DURBAN - Kwazulu-Natal will continue to experience fiscal pressure over the next few years as a result of Eskom’s R69bn, three-year cash bailout and other factors, including the continued migration of people from the province.
Finance MEC Belinda Scott gave the hard-hitting appraisal when she tabled the provincial budget yesterday, saying that all government departments had been affected by cost-cutting measures in an attempt to ensure that service delivery continued.
Scott said the province had learnt to do a lot more with a lot less as it entered the seventh straight year of fiscal consolidation.
“Fiscal consolidation has meant that R32bn that should have come to this province has been top-sliced off the budget over the past seven years.
“These are difficult times for this province as this is the seventh consecutive medium-term framework where we are losing money, yet our responsibilities to our people have not diminished,” she said.
Scott said they had to find a way to effect the cuts without slashing departments’ budgets and impacting on service delivery spending.
“These questions were the focal point of a number of ministers’ committees on the budget, budget council, and provincial executive council discussions in the lead-up to budget day. Solutions are harder to find considering that we have had to find ways to deal with these cuts for many years.
She said they had been cognisant that budgets needed to be cut, but that it had to be done with the least impact on the citizens of this province.
“According to an African proverb, ‘The poorest man in this world is not the one without money, but the one without people.’
“Some of those cuts are based on the population census. We have had two population census assessments during the last seven years and KZN’s population numbers are decreasing.
“As a result they (National Treasury) cut our equitable share.”
Scott said two years ago all provinces, together with the National Treasury, had to contribute towards the #FeesMustFall budget allocation.
“There are some looming pressures on government as a whole and (the biggest) is definitely Eskom. How is that going to be managed? It is going to be very important going forward to see how the power utility is going to be managed. It is going to definitely have a significant impact on South Africa’s economy.”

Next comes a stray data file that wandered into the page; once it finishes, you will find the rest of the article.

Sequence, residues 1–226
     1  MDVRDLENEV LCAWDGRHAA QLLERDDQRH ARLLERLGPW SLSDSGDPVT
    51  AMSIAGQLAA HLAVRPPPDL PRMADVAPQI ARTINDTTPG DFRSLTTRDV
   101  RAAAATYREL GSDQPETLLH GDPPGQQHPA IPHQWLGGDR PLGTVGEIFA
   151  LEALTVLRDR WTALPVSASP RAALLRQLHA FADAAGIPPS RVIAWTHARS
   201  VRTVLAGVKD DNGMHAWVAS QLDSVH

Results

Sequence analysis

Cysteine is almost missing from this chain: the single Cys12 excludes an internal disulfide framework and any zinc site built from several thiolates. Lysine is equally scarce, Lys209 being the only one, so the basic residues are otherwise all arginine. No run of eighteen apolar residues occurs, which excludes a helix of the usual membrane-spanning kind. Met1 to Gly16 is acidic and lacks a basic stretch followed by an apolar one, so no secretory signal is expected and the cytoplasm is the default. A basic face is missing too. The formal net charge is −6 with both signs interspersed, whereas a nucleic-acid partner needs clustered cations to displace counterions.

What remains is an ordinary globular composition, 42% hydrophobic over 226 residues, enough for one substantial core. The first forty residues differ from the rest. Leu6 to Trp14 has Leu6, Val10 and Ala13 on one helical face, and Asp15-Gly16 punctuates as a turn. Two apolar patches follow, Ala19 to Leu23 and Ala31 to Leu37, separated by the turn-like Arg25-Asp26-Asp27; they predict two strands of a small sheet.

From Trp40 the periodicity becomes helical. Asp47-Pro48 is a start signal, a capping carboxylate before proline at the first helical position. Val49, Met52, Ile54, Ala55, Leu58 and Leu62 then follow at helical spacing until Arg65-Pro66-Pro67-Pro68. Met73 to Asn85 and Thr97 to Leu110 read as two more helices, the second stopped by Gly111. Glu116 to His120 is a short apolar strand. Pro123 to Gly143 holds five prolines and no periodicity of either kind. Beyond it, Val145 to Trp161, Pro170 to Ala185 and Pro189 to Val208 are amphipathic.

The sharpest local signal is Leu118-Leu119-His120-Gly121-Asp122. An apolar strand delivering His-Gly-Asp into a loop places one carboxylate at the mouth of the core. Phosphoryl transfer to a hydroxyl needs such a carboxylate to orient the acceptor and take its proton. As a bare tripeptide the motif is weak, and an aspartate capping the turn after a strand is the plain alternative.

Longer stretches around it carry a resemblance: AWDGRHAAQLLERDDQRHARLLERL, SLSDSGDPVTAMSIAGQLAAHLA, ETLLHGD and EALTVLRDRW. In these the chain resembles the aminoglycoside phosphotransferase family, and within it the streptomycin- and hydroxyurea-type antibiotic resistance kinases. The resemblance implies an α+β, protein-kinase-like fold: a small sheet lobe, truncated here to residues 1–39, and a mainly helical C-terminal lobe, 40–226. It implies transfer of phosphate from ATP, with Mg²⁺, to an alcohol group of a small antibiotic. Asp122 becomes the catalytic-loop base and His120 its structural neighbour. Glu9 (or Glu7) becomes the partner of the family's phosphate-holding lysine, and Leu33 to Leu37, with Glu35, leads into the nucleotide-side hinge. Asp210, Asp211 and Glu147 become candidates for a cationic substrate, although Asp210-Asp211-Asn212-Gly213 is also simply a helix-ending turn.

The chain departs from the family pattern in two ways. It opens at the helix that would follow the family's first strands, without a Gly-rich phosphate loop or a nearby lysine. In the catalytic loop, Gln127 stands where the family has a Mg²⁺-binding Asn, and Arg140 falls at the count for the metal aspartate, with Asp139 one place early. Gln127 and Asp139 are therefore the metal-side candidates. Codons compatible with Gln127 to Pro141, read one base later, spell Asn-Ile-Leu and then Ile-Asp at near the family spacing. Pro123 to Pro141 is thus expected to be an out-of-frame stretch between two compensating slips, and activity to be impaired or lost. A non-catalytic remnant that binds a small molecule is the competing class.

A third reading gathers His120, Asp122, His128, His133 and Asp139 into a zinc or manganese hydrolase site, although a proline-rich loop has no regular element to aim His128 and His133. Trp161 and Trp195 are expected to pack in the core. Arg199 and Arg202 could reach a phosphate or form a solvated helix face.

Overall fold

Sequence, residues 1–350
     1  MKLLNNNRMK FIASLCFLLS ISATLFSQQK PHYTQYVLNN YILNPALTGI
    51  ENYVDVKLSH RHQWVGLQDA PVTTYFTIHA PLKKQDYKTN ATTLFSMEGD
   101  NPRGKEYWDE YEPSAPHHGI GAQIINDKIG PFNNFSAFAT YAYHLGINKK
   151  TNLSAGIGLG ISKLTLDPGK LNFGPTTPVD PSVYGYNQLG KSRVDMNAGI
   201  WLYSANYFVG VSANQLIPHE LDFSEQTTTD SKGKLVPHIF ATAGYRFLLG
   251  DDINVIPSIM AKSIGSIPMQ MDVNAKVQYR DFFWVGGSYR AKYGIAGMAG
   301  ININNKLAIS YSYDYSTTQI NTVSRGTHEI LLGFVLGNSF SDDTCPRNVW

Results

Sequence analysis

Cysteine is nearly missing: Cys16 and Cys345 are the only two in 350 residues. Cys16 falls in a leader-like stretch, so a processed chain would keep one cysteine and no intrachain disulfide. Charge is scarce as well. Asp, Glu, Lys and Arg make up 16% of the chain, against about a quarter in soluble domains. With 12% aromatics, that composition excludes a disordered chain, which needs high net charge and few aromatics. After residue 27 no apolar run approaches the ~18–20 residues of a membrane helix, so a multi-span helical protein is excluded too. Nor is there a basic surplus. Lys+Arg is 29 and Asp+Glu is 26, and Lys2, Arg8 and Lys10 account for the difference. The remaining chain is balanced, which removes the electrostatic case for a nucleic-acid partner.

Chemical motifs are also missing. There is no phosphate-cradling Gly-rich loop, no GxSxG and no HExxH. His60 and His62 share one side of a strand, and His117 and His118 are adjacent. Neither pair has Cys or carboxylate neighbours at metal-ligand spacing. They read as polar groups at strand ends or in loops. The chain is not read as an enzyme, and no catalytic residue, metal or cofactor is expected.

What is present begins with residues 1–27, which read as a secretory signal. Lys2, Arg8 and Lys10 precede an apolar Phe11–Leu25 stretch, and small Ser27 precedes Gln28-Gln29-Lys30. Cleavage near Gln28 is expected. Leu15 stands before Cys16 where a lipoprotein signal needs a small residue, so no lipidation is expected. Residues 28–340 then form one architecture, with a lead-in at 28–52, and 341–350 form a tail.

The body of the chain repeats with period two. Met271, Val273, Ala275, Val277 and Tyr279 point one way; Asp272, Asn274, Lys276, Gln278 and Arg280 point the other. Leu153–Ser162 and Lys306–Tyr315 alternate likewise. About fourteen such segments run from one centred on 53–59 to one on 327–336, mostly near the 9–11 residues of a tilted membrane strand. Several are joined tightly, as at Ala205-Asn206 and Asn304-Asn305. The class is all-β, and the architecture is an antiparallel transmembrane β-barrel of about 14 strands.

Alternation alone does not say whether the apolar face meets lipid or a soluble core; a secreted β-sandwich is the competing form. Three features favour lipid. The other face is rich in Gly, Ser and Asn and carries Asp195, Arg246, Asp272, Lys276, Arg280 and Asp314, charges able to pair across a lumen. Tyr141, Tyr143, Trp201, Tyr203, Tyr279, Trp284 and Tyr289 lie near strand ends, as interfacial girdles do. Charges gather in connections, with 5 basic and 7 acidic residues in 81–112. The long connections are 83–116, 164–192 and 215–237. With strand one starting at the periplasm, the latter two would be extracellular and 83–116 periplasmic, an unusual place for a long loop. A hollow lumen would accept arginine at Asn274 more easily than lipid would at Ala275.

Finance Minister Tito Mboweni, during his maiden Budget last month, announced that the cash-strapped power utility would get R69bn over the next three years, but under strict conditions.
“The billions are not a loss - they have just been top-sliced before we get into the next financial year - but if you have a look at the medium-term expenditure year on year, you don’t see a decline. There’s an increase because of inflation, but at the same time we have taken on more tasks,” Scott said.
She said the weaker rand had affected the Department of Health in particular, especially with the cost of machinery and medicines.
“Whenever the rand falls, my heart falls because that is a department that is already under pressure.”
The DA’s Finance spokesperson, Francois Rodgers, said the province was heading for the “red” as more than R500m was raided from the province’s contingency and cash reserves in order to bail out various departments.
“To compound the issue, both KZN’s Health and Public Works departments are looking at a projected over- expenditure of R357m and R207m respectively.
“This could completely wipe out the contingency reserve, placing the province in a deficit,” said Rodgers.
Scott, who is expected to serve out her current term ahead of the May 8 elections before leaving office, reflected on her past 25 years in the provincial government.
“It is people like me who have to walk the talk in terms of standing aside to let the younger people come through. I am very positive about that.
“Whatever happens going forward, the ANC government will never place Treasury in harm’s way. That I promise you,” she said.
Scott said the party had had three or four terms in office to prove that, saying the KZN Treasury is the best operated department in the country.